This fifth and final issue of Los Disidentes magazine, also known as the “Manifiesto del NO” [NO Manifesto] in Venezuela, or as the “Manifiesto de los Disidentes,”summarized all that the [group] rejected of Venezuelan culture, which had already been presented before in the five issues of their magazine. Almost none expound upon the positive premises of their group [what they were in favor of]; on the contrary, they display and incite a “destructive” attitude that is contrary to the values of traditional culture. This text is not an exception in attacking all the features of the cultural society of the nation that, in their understanding, were perpetuating the stagnant nature of its structure: museums, official art, art criticism, education, folklore, and even the public itself, including the media. They present a general “NO,” the repetition of which is underscored by their radical message, both elemental and direct, pertinent to journalism genre.
The cover of this fifth edition of Los Disidentes magazine lists the members who were then active; painters Pascual Navarro, Alejandro Otero, Mateo Manaure, Luis Guevara Moreno, Carlos González Bogen, Narciso Debourg, Perán Erminy, Rubén Núñez, Dora Hersen, Aimée Battisitini, as well as the ballerina Belén Núñez, philosophy student J.R. Guillent Pérez, filmmaker César Enríquez, poet Rafael Zapata, journalist Bernardo Chataing and ceramic artist Miguel Arroyo. The young painters Régulo Pérez, Genaro Moreno and Omar Carreño are also included.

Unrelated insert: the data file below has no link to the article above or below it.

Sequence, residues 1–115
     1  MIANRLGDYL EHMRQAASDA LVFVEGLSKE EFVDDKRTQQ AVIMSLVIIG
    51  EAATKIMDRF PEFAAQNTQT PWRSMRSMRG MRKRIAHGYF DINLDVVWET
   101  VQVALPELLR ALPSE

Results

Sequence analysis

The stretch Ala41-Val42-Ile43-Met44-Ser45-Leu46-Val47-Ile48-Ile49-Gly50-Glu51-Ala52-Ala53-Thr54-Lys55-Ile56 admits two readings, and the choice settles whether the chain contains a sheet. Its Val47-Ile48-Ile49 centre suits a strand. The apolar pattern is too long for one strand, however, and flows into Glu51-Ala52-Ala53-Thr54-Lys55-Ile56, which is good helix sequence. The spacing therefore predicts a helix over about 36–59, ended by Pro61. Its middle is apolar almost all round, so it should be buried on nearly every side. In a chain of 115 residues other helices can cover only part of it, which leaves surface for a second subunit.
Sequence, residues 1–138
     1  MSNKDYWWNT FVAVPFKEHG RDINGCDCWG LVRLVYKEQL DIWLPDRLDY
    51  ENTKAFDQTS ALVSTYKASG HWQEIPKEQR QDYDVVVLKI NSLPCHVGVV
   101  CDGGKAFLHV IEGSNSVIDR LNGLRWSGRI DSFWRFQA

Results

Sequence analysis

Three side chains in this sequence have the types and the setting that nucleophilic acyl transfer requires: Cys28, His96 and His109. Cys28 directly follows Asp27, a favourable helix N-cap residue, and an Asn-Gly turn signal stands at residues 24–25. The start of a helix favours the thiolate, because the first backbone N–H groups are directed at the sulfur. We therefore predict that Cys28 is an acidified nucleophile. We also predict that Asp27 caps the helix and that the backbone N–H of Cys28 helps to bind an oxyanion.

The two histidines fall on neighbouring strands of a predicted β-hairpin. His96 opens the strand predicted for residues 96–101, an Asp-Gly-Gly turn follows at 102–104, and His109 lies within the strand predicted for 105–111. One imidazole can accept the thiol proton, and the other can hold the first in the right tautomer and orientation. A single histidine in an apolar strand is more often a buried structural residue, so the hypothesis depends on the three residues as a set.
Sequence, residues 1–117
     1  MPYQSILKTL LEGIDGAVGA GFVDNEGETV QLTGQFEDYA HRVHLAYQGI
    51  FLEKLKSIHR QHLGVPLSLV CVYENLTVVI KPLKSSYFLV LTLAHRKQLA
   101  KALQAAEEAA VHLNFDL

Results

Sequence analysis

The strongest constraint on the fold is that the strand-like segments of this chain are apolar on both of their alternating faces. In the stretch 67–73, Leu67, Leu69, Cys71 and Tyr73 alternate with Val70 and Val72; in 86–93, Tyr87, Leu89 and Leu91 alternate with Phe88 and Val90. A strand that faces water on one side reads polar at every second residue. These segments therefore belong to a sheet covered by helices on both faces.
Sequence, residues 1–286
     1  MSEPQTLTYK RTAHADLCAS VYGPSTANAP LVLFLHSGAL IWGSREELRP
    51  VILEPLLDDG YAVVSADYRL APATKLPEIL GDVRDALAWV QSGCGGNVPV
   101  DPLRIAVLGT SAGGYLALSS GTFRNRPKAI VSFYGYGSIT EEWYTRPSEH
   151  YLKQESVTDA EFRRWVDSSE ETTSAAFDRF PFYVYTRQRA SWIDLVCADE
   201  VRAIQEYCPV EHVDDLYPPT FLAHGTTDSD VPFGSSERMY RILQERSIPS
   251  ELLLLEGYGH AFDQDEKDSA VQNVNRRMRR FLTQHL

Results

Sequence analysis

Los Disidentes was a group created in Paris in 1950, by Venezuelan artists and writers who lived in the city between 1945 and 1951. From the French capital, they fought against the official education imparted by the Escuela de Artes Plásticas of Caracas, whose foundations were in landscape and nativism. Doing honor to their name, Los Disidentes sought to ensure a renewal of traditional and academic art through the assimilation of the tenets of European abstraction. Among its members were the painters: Alejandro Otero (1921–90), Mateo Manaure, Pascual Navarro, Luis Guevara Moreno, Carlos González Bogen, Narciso Debourg, Perán Erminy, Rubén Núñez, Dora Hersen, Aimée Battistini, as well as philosophy student, J. R. Guillent Pérez. These were later joined by other national artists (Armando Barrios, Miguel Arroyo, Oswaldo Vigas, Omar Carreño, Alirio Oramas and Régulo Pérez). The group published an eponymous magazine, Los Disidentes, which produced five issues, and served as their main dissemination medium for their ideas. [For other texts on this group, see the following documents in the ICAA digital archive: by Otero, “Del arte abstracto”, [On abstract art] (813611), (“Las "placas al mérito" y la juventud” [Badges of Honor and Youth] (doc. no 813429) and (“Mateo Manaure en la pintura : Un joven pintor venezolano, en viaje hacia París” [Mateo Manaure on painting: a young Venezuelan painter en route to Paris] (813639); by González Bogen (“La escuela "de los paisajistas" de Caracas” [The school “of the landscapists” of Caracas] (813695 and “"De nuevo" Los Disidentes” [What’s New Los Disidentes], (813667); by Manaure (“Carlos González Bogen: Pintor” [Carlos González Bogen::Painter] (813583); by Debourg (“En torno a la pintura de hoy” [On Today’s Painting], (813597); and by Guillent Pérez both “Lo latinoamericano y lo occidental [Parte I]” [Latin American and Western Part I], (813723 and “Lo latinoamericano y lo occidental: (Continuación)” [Latin American and Western: (A continuation)], (813478)].